3D printing technology has the potential to significantly affect several important sectors, including space travel. Don’t believe it? Here are some ways in which 3D printing can change space travel:
1. Ability to make “impossible” objects
The biggest advantage of 3D printing is that it can make possible the manufacture of items that are difficult to build using traditional methods. For example, a titanium lattice ball used in satellites is hollow from the inside and has a complex internal geometry. 3D printing enables it to be lightweight and stiff, thus reducing the overall mass of the final product.
2.Computer designs turned into reality
3D printing works by an additive process, wherein materials are added layer by layer. Blueprints for the object can be created using software programming. The computer slices the model virtually to plan its real-life construction. The 3D printer uses powdered metals or wire material in plastic to create the object.
3. Moving beyond “traditional” design rules
The problem with traditional design is that engineers have to figure out how to give the cutting tool access to the bulk of the product and remove surplus material. Additive manufacturing can bring in a “design for need” mentality, while doing away with some of the traditional limitations.
4. Ability to create low volume of products
Traditionally, suppliers provide certain materials only in tons, whereas space missions require very low volumes. The cost of producing precision parts in small volumes from tons of raw material is exorbitant. However, 3D printing technology can change that.
5. Quick prototyping
ESA’s Concurrent Design Facility uses 3D printing to rapidly develop prototypes of its spaceships for future missions. 3D printing can also be used to manufacture metallic spare parts to repair full-scale space equipment.
6. Test items in 3D
Materials engineers at ESA have developed replicas of objects that have already flown in space in order to determine whether 3D printing can provide the high quality levels required to be space worthy. In 2009, a titanium copy of a stainless steel water on-off valve was created. This part was used on the Columbus module of the International Space Station for plumbing. With 3D printing, a weak point and the weld could be removed, and the mass of the part could be reduced by 40 percent.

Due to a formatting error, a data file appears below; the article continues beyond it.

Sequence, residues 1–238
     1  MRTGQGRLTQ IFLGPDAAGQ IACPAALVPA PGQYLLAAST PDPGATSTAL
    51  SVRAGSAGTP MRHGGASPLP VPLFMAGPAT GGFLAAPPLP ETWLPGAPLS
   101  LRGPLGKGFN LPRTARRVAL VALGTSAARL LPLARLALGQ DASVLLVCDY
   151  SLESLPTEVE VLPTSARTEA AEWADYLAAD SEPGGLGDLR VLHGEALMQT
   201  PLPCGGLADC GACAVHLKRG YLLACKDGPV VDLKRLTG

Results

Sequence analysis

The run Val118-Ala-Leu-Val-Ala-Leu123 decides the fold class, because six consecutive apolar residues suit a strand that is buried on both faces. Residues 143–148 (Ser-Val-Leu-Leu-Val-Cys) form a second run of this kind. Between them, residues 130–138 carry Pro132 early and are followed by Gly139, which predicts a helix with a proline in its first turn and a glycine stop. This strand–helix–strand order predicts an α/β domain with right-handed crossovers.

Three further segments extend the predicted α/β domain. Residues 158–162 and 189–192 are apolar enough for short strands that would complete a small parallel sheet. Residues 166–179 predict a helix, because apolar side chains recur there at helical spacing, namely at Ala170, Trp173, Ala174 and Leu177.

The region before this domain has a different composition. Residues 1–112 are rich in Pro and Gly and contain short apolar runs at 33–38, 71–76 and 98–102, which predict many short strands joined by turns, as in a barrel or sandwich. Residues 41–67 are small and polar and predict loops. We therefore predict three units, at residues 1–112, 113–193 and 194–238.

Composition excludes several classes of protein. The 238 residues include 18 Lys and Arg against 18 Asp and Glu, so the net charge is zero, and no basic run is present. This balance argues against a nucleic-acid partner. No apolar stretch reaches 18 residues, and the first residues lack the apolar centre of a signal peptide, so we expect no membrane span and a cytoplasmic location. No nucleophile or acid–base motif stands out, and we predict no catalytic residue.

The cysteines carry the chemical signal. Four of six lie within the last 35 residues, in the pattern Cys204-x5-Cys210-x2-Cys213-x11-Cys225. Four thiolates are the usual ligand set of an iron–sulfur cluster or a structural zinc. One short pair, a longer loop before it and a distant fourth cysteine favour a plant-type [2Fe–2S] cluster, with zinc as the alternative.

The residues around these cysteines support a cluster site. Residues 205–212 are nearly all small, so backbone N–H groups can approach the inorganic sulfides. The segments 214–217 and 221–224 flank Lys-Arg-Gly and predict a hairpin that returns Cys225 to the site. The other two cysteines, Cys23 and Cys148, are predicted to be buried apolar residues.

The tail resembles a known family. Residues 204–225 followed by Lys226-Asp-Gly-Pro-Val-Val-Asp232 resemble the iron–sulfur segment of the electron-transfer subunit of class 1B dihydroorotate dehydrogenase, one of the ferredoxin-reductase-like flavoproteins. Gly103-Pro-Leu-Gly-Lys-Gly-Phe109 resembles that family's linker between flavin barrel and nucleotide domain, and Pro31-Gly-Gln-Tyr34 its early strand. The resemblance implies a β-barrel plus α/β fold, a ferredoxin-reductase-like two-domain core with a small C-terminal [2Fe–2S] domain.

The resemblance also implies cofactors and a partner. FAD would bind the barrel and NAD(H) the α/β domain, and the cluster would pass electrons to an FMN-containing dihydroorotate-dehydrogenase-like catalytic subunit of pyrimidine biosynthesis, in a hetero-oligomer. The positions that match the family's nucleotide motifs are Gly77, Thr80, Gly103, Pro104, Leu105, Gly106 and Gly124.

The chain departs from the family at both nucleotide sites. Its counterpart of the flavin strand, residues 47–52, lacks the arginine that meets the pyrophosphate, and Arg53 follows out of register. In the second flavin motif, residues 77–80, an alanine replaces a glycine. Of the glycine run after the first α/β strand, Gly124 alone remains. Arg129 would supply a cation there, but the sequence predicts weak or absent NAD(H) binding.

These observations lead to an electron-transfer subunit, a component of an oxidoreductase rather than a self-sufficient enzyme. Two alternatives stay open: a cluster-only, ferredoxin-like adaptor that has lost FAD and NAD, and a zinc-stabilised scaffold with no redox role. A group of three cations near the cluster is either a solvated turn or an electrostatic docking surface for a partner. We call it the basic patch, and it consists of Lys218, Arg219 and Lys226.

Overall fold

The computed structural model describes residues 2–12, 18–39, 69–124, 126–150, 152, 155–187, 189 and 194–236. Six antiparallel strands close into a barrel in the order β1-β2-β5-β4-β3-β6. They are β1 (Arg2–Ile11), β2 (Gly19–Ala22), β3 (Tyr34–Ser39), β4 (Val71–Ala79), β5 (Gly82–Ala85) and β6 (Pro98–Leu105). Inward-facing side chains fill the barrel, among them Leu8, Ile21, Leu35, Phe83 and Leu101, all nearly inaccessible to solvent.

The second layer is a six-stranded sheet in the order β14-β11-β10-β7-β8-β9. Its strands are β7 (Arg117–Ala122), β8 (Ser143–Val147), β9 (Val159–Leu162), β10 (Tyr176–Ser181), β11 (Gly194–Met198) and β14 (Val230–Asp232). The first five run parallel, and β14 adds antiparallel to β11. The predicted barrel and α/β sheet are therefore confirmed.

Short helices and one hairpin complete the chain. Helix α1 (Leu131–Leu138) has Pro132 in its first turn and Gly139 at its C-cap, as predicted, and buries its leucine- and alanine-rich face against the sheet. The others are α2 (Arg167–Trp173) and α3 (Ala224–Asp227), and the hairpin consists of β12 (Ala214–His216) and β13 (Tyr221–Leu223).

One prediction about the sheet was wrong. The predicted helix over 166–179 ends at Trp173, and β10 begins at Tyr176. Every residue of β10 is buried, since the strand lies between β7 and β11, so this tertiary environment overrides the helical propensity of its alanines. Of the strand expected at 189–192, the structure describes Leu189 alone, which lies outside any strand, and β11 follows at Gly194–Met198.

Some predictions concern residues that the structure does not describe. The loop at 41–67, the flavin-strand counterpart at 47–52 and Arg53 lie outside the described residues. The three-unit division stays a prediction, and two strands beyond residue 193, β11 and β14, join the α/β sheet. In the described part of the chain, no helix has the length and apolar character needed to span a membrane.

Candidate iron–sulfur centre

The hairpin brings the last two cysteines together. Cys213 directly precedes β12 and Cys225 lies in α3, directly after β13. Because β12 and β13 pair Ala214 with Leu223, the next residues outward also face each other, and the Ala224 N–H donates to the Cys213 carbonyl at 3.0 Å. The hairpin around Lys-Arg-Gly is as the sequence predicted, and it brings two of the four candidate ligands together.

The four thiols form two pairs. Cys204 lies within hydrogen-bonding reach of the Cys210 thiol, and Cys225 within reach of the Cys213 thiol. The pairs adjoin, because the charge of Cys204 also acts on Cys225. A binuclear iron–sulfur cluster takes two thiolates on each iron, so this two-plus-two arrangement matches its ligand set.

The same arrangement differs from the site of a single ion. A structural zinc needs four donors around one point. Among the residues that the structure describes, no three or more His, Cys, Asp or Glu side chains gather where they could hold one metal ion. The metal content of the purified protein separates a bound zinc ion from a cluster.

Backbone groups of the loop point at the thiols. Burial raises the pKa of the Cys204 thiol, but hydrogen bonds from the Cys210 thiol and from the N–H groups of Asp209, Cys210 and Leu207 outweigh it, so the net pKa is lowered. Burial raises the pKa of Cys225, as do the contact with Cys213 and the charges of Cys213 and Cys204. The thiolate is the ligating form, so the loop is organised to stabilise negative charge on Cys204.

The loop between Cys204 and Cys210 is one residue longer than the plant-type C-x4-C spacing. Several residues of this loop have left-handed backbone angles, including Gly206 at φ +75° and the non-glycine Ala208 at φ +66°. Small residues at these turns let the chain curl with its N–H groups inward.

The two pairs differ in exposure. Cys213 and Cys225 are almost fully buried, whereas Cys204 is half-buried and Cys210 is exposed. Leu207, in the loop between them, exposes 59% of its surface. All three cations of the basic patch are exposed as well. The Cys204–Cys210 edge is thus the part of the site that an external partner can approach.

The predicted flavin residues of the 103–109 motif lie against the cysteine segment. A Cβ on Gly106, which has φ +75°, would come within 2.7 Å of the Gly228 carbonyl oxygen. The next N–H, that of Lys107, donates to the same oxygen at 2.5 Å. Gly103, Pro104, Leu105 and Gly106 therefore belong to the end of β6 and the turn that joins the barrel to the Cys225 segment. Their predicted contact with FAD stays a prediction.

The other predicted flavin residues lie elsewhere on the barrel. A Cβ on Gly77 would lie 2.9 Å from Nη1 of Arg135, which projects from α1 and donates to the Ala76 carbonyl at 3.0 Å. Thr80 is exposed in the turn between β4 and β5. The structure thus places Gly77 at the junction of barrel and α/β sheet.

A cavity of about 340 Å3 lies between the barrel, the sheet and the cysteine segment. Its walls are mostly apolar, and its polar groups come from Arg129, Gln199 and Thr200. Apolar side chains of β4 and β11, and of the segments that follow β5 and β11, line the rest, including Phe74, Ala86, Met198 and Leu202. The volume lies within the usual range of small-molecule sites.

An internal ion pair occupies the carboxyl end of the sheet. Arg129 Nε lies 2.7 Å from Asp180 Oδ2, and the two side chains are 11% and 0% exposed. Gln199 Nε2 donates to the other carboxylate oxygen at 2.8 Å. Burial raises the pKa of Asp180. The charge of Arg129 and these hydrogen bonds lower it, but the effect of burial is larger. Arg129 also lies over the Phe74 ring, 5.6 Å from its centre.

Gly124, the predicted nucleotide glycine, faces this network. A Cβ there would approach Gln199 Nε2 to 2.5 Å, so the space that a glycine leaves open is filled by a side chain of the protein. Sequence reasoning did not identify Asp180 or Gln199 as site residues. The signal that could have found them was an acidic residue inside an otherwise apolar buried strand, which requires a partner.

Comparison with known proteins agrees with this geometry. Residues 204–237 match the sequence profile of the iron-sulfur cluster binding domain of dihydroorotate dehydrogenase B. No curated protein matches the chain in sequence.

7. Ability to build complex shapes
3D printing is amenable to extremely complex shapes required for rocket combustion chambers and nozzles. Also, the time taken to manufacture an antenna support strut was reduced by half when a 3D printer was used.
8. Creation of lattices for lighter weight
3D printed lattices used in titanium balls can help reduce the size and cost of rocket chambers and nozzles and improve thermal resilience. Lattices allow more radiative cooling due to the increased surface area. Thus, more durable thruster catalyst beds can be made using 3D printing.
9. Building 3D printed parts
Although a start has been made with the use of 3D printed parts in space, regular utilization has not yet been possible due to the problems of surface coating, material post-processing, ensuring precision geometries, and the need for new qualification standards.
A 3D printed plastic toolbox was successfully flown to the Columbus module of the International Space Station. NASA has plans to fly a 3D printing machine to manufacture these plastic objects directly at the station.
A project called Additive Manufacturing Aiming Towards Zero Waste & Efficient Production of High-Tech Metal Products (AMAZE) has been started by ESA and the European Commission to bring perfection in the quality of metal components to be used in space.
Several possibilities spring to mind with 3D printing allowing people to go beyond “traditional” limitations. ESA has plans to establish a lunar base using 3D printed moon rocks. On long-duration manned space flights, a 3D printer could be carried along so that astronauts do not have to carry spare parts or depend on refills from Earth. For instance, broken parts could be replaced by simply “printing” out new ones. This approach has actually been tested by the ESA during previous manned missions. They have built functional parts such as screws, clamps, and plastic gloves.
An advantage of being able to print parts on-orbit is that they do not have to be design in such a way as to withstand the pressures of launching from Earth. Even when printing objects on Earth, there is a benefit in having to use less energy and mass to build objects. Thus, the environmental pressure on Earth is reduced.
Garry Forster is an Online Consultant for 3D Stuff Maker – http://www.3dstuffmaker.com/ . He likes to blog on 3D printing Events, Ideas, Technologies which are related to 3D Printing and 3D Printing Tutorial. Follow him on Google+.